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What are the challenges for nurses when providing end-of-life care in intensive care units?

12 September 2019
Volume 28 · Issue 16



this literature review aimed to explore qualitative studies in which nurses discussed the challenges they face when delivering end-of-life care in intensive care units (ICUs). Analysis and discussion of the studies' findings aimed to contribute to the current evidence base surrounding the subject.


a systematic search of academic databases was conducted to source relevant studies. An inductive process using grounded theory was undertaken to elicit suitable themes to address the review question.


six relevant studies were identified with four main themes emerging from analysis. The themes were a lack of nurse involvement in end-of-life care decision-making, a lack of nursing knowledge in providing end-of-life care, the dilemma of prioritising care between the patient and family, and the nature of providing end-of-life care within an ICU environment.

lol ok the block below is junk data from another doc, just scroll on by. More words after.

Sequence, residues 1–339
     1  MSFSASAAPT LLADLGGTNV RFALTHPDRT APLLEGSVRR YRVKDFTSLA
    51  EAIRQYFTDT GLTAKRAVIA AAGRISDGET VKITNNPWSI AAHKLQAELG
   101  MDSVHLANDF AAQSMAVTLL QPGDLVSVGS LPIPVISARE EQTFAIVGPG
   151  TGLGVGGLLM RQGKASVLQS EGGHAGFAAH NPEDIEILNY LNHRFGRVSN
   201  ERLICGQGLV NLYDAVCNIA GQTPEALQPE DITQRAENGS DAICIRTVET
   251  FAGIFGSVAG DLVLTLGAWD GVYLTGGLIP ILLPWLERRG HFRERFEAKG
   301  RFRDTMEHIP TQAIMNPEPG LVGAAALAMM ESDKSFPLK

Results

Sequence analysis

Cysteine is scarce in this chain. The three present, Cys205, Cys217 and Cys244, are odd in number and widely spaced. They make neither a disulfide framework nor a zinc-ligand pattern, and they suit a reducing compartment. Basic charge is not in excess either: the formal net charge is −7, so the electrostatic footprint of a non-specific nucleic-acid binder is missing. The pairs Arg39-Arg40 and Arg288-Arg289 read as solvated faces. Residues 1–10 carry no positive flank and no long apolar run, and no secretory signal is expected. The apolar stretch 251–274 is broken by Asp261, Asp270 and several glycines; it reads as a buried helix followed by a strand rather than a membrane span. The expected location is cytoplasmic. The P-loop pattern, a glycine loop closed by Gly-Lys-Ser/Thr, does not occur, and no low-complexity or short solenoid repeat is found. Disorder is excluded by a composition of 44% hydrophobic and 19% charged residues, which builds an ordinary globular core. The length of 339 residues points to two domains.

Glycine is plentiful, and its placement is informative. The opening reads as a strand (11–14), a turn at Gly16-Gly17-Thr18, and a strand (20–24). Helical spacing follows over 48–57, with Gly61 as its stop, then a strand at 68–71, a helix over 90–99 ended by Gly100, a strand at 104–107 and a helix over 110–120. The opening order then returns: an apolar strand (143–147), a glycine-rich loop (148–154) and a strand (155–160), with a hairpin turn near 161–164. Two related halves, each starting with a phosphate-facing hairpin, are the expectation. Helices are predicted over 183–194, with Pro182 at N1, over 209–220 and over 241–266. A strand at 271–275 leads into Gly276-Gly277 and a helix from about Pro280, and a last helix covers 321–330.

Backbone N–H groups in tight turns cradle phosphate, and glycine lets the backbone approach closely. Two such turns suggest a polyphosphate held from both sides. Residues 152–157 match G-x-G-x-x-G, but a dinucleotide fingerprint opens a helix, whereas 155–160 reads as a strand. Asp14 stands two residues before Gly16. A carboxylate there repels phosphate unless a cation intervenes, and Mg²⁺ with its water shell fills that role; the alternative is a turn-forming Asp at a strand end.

the provision of end-of-life care in ICUs requires nurses to be involved in interdisciplinary communication. ICU-specific end-of-life care education, training and guidelines need to be implemented to ensure patients receive high-quality, patient-centred care.

The National Palliative and End of Life Care Partnership (NPELCP) stated that end-of-life care is required by the vast majority of people, therefore the care provided to both dying patients and those closest to them must be a priority and of the highest quality possible (NPELCP, 2015). To achieve this necessitates continuous improvements to the way health professionals plan, approach and prepare people for death (NPELCP, 2015). The Public Health England (PHE) End of Life Care Profiles' data for 2016 stated that the largest proportion (46.9%) of all deaths involving the provision of end-of-life care in England occurred in acute hospital settings (PHE, 2018). Such a figure suggests that caring for dying patients is both a prominent and essential component of hospital-based nursing (Abu-Ghori et al, 2016; Andersson et al, 2016). However, although nurses are required to advocate for patients and support end-of-life care decisions as part of their professional role (Thacker, 2008; Department of Health (DH), 2016), the majority of nurses do not work in specialist hospice settings or possess specialist skills in end-of-life care (Hayes et al, 2014).

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